To get this ?lm off the ground I?ve turned to crowd-funding site IndieGoGo. It?s the ?rst time I?ve ever done crowd-funding and has been quite an experiment to see if an ambitious ?lm with a high budget can pull in the ?nances this way. The results haven?t been as strong as what I was hoping for and to tell you the truth, I?m not really sure why. Maybe it is too ambitious and people aren?t willing to part with their money for something that they believe may not reach the screen. Or maybe it?s that, due to the artwork we?ve got for the ?lm and our pitch video, people may think we?ll be successful in raising the funds without their help and hence don?t donate. It?s an interesting process and quite tough to ?gure out what needs to be done to secure our budget.
But despite that, it?s de?nitely not something I want to give up on. It?s a fantastic story and I know I need to make this ?lm. It?s going to be terrifying and atmospheric and it?s a story that I for sure have never heard of before. With this ?lm I want to exercise and exploit everything I?ve learnt so far in areas of performance, design, color, cinematography and sound design.
So the last thing I want to do is get downhearted about the funding! I believe that things have a way of working themselves out – they have for me in the past and I know there?s someone out there who also believes the same thing, who would love to see this ?lm realized. Maybe it?s you reading this right now.
You may wonder what keeps me going when faced with such obstacles. I?m de?nitely not the only one who has the issue of raising money – that?s the hardest part of ?lmmaking and we all have to suffer through it. People tell me to make ?lms that ?t to the resources that are available and to be frank I believe that if you can make a ?lm that pushes beyond the boundaries imposed on us it will get the right attention from the industry. It?s this belief that keeps me going.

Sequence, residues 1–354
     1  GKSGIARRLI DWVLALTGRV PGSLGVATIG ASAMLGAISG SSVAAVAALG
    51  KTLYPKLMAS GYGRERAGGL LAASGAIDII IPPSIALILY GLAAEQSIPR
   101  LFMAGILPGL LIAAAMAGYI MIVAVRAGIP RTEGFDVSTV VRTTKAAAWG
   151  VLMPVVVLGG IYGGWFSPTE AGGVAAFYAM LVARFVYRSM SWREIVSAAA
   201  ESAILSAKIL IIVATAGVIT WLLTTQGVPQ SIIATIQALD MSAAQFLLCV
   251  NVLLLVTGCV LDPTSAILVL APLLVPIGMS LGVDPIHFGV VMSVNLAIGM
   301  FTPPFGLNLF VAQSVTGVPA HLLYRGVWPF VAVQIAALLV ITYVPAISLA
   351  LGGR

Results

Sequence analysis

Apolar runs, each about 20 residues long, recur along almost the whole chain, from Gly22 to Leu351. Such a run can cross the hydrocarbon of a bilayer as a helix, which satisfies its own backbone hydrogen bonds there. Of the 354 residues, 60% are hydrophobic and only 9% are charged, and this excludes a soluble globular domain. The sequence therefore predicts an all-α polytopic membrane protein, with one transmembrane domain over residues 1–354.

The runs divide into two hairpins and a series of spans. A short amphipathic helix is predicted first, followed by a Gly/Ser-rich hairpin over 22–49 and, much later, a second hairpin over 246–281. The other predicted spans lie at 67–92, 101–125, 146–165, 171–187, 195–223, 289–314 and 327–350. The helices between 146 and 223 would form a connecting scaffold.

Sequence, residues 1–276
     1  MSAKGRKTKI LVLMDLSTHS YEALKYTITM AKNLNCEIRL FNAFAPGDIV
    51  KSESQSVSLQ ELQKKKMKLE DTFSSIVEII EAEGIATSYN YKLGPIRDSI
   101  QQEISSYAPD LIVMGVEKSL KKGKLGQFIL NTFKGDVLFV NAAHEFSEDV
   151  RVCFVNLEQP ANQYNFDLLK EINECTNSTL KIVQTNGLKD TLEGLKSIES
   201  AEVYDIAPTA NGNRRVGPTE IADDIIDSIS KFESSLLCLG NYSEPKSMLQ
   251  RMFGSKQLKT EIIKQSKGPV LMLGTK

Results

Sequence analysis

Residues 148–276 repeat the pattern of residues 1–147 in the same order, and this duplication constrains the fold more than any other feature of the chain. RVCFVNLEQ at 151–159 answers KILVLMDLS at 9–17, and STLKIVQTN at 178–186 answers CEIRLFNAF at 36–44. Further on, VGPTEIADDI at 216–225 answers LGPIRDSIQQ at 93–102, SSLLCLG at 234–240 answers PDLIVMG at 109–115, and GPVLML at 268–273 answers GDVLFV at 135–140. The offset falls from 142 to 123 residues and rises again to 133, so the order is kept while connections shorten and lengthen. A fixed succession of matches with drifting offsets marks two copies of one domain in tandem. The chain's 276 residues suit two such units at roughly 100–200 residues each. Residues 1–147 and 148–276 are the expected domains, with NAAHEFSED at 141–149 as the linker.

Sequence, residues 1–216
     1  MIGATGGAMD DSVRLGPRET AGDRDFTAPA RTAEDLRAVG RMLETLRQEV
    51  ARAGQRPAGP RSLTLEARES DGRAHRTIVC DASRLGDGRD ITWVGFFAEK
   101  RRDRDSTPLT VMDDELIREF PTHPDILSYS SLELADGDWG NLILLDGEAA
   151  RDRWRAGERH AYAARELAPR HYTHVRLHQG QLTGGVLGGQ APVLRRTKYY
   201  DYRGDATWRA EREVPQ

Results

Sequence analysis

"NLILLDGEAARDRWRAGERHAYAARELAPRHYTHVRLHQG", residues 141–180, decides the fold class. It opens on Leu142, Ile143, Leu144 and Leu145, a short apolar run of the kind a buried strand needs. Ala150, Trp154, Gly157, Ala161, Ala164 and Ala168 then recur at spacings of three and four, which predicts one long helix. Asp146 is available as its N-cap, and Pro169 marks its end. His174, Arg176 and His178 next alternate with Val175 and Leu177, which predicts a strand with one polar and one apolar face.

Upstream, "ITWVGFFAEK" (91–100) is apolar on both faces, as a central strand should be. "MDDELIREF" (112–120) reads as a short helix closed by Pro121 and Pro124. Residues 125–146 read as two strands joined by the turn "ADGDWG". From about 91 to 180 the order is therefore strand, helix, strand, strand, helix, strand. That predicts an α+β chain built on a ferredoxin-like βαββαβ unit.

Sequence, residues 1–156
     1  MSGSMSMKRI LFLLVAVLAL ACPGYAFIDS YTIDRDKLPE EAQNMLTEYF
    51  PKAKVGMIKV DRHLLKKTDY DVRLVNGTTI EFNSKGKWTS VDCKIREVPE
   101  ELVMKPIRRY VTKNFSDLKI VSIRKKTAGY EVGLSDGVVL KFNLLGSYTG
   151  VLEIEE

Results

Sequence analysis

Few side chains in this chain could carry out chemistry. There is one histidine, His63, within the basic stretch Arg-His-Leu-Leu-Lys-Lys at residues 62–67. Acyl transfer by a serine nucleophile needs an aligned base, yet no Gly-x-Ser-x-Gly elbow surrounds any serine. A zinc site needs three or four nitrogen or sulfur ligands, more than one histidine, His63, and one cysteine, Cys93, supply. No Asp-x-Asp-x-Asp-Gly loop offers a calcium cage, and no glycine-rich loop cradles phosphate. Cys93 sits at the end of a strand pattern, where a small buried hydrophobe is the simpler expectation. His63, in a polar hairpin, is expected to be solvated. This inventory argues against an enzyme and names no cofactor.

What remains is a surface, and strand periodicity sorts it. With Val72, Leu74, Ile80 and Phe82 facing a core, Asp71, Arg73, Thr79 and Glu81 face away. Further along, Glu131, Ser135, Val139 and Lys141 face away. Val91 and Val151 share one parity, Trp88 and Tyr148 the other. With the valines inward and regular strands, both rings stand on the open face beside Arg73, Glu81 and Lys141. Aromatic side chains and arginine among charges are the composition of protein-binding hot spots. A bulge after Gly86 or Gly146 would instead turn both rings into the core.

This belief can be interpreted simply as passion. Passion for this industry and passion for telling stories. Yes I?m sure a lot of people say they have passion but I think many mistake passion for pleasure or excitement. They?re different things. The word passion comes from the Latin passio, which implied suffering and the endurance of hardship. To be passionate, truly passionate, demands a willingness to suffer for the object or cause of your passion. It is unswerving commitment in spite of pain and loss. Rooted in either cocksure con?dence or calculated commitment, a passionate person earns their title because of their un?inching persistence in the face of opposition.
Knowing this suddenly makes it a whole lot easier to deal with the obstacles facing you and it?s what I remind myself of everyday. I hope with this article I can inspire other people to make those grand ?lms they?ve always dreamed of and to make them now. Sure we all need help along the way, but if you really want something you?ll create the right environment to make those opportunities appear – despite the dif?culties we face.